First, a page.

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More Area Car Owners Shift to Hourly Rentals

By Steven Ginsberg
Washington Post Staff Writer
Tuesday, March 29, 2005; Page A01

Matt Clausen's friends told him he was crazy. Absolutely nuts. How in the world did he and his wife expect to take care of a new baby if they got rid of their only car? How would they get to the doctor's office? See their friends?

Clausen harbored his own doubts, but he had also done some math. He was paying $450 a year in insurance and $800 in repairs, plus gas and other nagging costs. The hassle equation didn't add up, either: His station wagon broke down a lot, and he was sick of hunting for parking.

So he ditched the clunker and put his trust in Zipcar, one of two car-sharing companies in the Washington region that offer a range of vehicles for rent in increments as short as a half-hour.

Unlike traditional car rental outfits, car-sharing companies station small numbers of vehicles in neighborhoods across the region that users reserve online or by phone. They use electronic cards to get into cars and must return them to the reserved spots where they picked them up. Both companies in the Washington area, Zipcar and Flexcar, include gas, insurance and maintenance in their rates.

"It seemed like a car was more of a hassle than anything else," said Clausen, of Capitol Hill, who, with his wife, Margarita Diaz, spent about $1,000 on Zipcar the first year they tried it. "I wanted to have the freedom of having a car around in case I needed it, but it ended up sitting out on the street all the time. Zipcar . . . tipped the scales for me."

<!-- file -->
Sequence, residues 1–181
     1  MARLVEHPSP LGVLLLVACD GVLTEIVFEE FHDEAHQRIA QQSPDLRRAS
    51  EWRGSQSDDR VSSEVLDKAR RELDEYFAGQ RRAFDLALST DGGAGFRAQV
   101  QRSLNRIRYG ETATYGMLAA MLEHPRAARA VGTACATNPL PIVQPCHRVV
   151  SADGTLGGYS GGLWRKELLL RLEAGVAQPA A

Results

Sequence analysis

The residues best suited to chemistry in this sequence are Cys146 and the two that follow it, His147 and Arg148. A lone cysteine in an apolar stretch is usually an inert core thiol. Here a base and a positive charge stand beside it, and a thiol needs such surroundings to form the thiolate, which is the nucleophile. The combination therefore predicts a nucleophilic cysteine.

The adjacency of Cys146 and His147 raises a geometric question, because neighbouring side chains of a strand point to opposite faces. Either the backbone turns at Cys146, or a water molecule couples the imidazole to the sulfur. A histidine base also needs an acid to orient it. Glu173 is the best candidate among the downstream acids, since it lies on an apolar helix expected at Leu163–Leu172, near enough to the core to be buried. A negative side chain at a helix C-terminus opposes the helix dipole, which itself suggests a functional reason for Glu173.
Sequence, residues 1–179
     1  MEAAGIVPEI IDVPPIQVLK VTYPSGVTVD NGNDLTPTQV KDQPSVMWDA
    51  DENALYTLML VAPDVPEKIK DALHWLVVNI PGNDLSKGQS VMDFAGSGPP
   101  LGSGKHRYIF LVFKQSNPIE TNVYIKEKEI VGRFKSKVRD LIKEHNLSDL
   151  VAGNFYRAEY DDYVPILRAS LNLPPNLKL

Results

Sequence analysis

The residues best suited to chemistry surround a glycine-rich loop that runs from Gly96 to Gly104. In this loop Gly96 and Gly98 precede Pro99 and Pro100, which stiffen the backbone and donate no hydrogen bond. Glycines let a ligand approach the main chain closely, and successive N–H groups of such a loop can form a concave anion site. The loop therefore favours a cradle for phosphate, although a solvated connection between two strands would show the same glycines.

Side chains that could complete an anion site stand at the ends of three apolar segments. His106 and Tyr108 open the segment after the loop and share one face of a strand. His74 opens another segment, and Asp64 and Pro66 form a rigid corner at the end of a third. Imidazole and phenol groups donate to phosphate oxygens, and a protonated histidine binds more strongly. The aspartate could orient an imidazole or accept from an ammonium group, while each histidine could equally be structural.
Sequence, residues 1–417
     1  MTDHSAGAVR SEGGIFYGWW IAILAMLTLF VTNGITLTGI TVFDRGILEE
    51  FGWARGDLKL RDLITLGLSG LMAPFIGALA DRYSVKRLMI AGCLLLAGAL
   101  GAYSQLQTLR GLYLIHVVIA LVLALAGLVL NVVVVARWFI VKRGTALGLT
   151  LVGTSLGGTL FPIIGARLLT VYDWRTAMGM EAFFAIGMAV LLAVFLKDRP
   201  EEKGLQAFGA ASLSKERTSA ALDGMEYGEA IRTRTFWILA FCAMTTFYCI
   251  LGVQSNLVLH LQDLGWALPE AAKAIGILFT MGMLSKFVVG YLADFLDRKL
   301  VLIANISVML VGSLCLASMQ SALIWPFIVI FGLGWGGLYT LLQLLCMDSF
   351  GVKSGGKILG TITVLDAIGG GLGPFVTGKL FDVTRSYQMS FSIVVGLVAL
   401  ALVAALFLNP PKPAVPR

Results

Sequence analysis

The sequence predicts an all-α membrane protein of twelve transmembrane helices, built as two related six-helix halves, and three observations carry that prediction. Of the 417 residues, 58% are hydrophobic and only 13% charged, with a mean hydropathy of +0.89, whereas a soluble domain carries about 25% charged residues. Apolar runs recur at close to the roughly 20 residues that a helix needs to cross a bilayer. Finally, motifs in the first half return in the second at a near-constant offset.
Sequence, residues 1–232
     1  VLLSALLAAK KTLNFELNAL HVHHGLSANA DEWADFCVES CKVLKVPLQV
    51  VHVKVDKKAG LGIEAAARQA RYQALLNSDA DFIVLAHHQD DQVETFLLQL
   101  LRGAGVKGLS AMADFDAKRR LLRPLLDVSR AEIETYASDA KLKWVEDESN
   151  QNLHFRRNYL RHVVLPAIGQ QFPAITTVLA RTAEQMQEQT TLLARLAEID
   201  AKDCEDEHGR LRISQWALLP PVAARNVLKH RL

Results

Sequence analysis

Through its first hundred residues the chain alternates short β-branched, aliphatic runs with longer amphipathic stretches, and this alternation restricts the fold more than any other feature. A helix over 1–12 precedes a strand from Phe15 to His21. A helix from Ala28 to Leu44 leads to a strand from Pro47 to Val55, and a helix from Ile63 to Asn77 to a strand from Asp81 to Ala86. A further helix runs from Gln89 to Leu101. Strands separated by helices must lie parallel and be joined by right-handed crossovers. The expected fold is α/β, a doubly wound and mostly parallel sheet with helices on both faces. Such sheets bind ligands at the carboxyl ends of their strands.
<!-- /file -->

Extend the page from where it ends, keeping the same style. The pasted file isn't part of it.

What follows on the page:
Many people in the Washington region -- with its crowded neighborhoods, limited parking and nightmarish traffic -- have come to the same conclusion, turning it into a proving ground of whether Americans are amenable to the culture of car sharing.

The companies got their starts in Seattle and Boston, but the Washington region is the only place in the country where two car-sharing companies compete, and company officials confirm that it has quickly become one of their hottest markets. After three-plus years, the companies have stationed a combined 226 cars in the area and have signed up more than 14,000 members, nearly half of them in the past year.

Company executives and some local politicians and transportation officials say car sharing represents the future of how people will get around in congested cities.

"This is really kind of an urban solution," said Tim Vogel, a general manager for Flexcar. "Major cities are all headed in the direction where car ownership doesn't make sense at all."

The idea has worked in Europe for years, but for it to succeed in the United States, people will have to abandon a national culture obsessed with the notion that owning a car provides independence and an identity for the more communal idea that people can save money and gain freedom by sharing.